Stateline also focused on red light cameras. “This year, lawmakers in 22 states have filed more than 100 bills dealing with traffic cameras, says Anne Teigen, a senior policy specialist with the National Conference of State Legislatures.”
Red-light cameras are explicitly allowed in 21 states, plus the District of Columbia, but are banned in nine states. The rest of the states have not weighed in either way, according to the Governors Highway Safety Association
NCSL interactive website on State Traffic Safety Legislation provides more information on these bills and other traffic legislation.
California A California attorney was disbarred following a conviction of vehicular homicide while intoxicated on the grounds of moral turpitude.
New York A Staten Island traffic judge with the highest conviction rate is ordered to complete anger management counseling according to the Staten Island Advance.
Virginia The Virginia Lawyers Weekly blog discusses a case where the backseat driver was charged with DUI. The article also mentions the 2003 Court of Appeals case affirming a passengers conviction of DUI.
Grants for DUI courts The Substance Abuse and Mental Health Services Administration (SAMHSA), Center for Substance Abuse Treatment (CSAT) is accepting applications for fiscal year (FY) 2013 Grants to Expand Substance Abuse Treatment in Adult, Juvenile, and Family Drug Courts. Applications are due by April 19, 2013.
U.S. Supreme Court Rules on a Dog Sniff Case The U.S. Supreme Court issued an opinion in Florida v. Harris on February 19, 2013. Officer Wheetley conducted a routine traffic stop on defendant Harris. Harris appeared nervous to the officer so the officer requested a consent search. Harris refused. Officer Wheetlty had his narcotics dog named Aldo sniff the exterior of the car. Aldo alerted on the driver’s door handle. Wheetley concluded he had probable cause to search and ultimately located ingredients for manufacturing methamphetamine. Aldo was not trained to detect the substances located. While Harris was on bail, Wheetly stopped him again and Aldo alerted a second time. During this second search, nothing was located.
Harris moved to suppress the search in the trial court as a violation of the Fourth Amendment. Officer Wheetly provided testimony as to Aldo’s training and certification as a narcotics dog. Officer Wheetly did not provide statistical information regarding Aldo’s performance in the field. The trial court found that Officer Wheetly had probable cause to conduct the search. Harris entered a conditional plea allowing him to challenge this ruling on appeal. The Florida Supreme Court ruled that there was not probable cause and established an evidentiary checklist to assess a drug-detection dog’s reliability. The checklist would require the State to introduce comprehensive documentation of the dog’s prior hits and misses in the field.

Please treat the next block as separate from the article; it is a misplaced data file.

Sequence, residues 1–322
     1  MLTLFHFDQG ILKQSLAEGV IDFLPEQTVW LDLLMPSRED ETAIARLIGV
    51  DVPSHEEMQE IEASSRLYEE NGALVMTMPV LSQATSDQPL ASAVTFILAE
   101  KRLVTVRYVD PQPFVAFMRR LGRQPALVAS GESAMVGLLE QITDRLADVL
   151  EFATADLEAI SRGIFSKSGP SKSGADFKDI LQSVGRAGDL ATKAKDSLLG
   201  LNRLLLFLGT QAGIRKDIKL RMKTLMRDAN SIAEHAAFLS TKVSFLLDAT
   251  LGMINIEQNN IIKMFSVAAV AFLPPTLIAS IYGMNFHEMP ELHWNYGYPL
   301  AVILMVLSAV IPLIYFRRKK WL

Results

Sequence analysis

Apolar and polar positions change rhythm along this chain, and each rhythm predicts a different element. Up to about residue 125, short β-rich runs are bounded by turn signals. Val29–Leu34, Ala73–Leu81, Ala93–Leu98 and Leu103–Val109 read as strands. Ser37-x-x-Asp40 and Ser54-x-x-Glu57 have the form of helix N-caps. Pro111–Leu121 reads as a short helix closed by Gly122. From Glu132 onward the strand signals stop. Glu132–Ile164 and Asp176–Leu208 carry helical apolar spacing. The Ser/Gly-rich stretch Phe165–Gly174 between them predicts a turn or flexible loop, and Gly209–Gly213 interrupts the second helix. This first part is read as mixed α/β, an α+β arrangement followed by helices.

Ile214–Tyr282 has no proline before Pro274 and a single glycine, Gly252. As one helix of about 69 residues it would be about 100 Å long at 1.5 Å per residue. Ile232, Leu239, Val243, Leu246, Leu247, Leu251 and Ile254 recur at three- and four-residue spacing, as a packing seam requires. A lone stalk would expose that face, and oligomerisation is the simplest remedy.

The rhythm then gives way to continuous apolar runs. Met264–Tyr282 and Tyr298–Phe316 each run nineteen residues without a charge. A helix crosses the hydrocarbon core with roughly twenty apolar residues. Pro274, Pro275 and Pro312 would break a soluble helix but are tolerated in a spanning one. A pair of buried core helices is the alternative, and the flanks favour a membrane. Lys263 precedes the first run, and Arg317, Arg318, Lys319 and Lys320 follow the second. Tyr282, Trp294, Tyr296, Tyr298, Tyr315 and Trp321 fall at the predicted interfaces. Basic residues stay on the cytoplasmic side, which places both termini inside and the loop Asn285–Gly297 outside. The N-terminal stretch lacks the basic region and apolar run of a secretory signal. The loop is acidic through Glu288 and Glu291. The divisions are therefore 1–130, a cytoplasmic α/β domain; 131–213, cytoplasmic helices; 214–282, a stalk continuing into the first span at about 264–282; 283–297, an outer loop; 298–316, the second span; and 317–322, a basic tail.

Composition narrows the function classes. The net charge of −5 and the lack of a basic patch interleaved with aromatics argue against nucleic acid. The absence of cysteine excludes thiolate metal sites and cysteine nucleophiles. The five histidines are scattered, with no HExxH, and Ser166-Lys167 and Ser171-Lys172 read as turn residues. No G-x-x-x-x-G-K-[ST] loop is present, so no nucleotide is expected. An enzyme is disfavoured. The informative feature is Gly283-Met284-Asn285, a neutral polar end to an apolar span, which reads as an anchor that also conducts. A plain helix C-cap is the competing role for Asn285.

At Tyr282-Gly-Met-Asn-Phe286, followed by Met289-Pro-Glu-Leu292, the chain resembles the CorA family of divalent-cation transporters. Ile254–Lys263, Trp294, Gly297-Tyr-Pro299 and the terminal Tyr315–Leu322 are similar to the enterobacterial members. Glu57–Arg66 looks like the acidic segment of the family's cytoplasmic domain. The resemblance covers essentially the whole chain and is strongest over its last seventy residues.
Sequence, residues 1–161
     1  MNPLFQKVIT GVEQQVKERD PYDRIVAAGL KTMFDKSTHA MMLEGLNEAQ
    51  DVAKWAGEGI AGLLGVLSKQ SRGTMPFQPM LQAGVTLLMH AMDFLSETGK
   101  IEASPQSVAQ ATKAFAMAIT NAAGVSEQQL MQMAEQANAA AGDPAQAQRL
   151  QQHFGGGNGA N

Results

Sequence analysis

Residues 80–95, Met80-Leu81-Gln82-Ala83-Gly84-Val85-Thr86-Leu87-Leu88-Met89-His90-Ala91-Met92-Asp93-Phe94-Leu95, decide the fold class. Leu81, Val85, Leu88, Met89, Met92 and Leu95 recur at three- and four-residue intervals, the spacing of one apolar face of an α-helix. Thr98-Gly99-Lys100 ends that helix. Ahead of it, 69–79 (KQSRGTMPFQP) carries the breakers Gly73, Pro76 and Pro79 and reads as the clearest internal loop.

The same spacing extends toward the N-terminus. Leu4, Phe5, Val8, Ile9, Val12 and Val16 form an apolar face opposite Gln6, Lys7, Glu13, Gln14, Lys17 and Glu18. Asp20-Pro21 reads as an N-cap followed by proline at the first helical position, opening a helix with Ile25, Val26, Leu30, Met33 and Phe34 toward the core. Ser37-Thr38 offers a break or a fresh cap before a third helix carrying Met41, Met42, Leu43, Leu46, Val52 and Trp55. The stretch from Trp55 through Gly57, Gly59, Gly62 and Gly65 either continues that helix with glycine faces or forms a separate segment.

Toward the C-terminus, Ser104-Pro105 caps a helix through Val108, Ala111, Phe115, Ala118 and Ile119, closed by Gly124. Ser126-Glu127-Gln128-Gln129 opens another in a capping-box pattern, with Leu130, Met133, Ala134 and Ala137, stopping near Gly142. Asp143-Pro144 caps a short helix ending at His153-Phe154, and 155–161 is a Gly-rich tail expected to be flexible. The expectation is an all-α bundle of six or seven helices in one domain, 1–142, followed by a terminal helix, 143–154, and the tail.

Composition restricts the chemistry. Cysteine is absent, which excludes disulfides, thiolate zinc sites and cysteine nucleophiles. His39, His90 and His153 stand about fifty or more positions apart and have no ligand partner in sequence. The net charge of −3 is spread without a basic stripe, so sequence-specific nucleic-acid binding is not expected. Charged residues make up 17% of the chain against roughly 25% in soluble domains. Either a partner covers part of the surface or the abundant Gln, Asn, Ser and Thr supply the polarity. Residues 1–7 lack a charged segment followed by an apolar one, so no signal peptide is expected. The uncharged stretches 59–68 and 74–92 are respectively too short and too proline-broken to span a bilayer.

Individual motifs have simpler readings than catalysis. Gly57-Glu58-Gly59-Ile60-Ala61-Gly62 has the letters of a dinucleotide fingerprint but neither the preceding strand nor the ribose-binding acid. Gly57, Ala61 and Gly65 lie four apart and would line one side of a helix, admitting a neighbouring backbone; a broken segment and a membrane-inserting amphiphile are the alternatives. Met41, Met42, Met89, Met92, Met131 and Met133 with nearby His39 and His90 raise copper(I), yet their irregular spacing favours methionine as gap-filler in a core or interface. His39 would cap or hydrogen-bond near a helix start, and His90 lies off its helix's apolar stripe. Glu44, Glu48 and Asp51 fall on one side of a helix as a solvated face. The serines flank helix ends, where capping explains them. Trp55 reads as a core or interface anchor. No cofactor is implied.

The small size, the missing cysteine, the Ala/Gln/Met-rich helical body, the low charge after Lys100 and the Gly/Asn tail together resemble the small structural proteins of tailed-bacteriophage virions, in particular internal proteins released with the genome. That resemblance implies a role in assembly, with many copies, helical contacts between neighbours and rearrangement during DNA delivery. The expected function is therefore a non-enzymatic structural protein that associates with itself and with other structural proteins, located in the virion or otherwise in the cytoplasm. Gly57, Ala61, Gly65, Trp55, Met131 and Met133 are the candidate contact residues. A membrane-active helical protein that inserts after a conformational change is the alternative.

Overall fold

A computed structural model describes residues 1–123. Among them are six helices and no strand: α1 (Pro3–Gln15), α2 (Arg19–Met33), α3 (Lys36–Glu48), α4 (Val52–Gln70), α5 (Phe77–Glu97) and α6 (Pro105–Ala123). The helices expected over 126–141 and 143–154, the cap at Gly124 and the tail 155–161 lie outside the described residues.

In an opinion written by Justice Kagan, the U.S. Supreme Court determined that Officer Wheetly did have probable cause to search the vehicle. The court stated that all that is required for probable cause is the kind of “fair probability” on which “reasonable and prudent [people] act.” Illinois v. Gates, 462 U. S. 213, 235. Additionally, the court noted that the totality of the circumstances approach to analyzing the evidence is correct and the rejected the Florida Supreme Court’s evidentiary checklist. The court further reasoned that Aldo’s training and certifications provided amble evidence of reliability, therefore probable cause should have been found on that basis.
Do Rail Systems Reduce Vehicular Crashes? Simon Luechinger of the University of Lausanne, et al., published a paper titled “Does Supporting Passenger Railways Reduce Road Traffic Externalities? The paper considers a number of possible benefits from developing more comprehensive regional rail systems, to include what the authors describe as a reduction of “the number of severe road traffic accidents.” This is an interesting article that is worth taking the time to read. The abstract states:
Many governments subsidize regional rail service as an alternative to road traffic. This paper assesses whether increases in service frequency reduce road traffic externalities. We exploit differences in service frequency growth by procurement mode following a railway reform in Germany to address endogeneity of service growth. Increases in service frequency reduce the number of severe road traffic accidents, carbon monoxide, nitrogen monoxide, nitrogen dioxide pollution and infant mortality. Placebo regressions with sulfur dioxide and ozone yield no effect. Service frequency growth between 1994 and 2004 improves environmental quality by an amount that is worth approximately 28-40 % of total subsidies. An analysis of household behavior shows that the effects of railway services on outcome variables are driven by substitution from road to rail.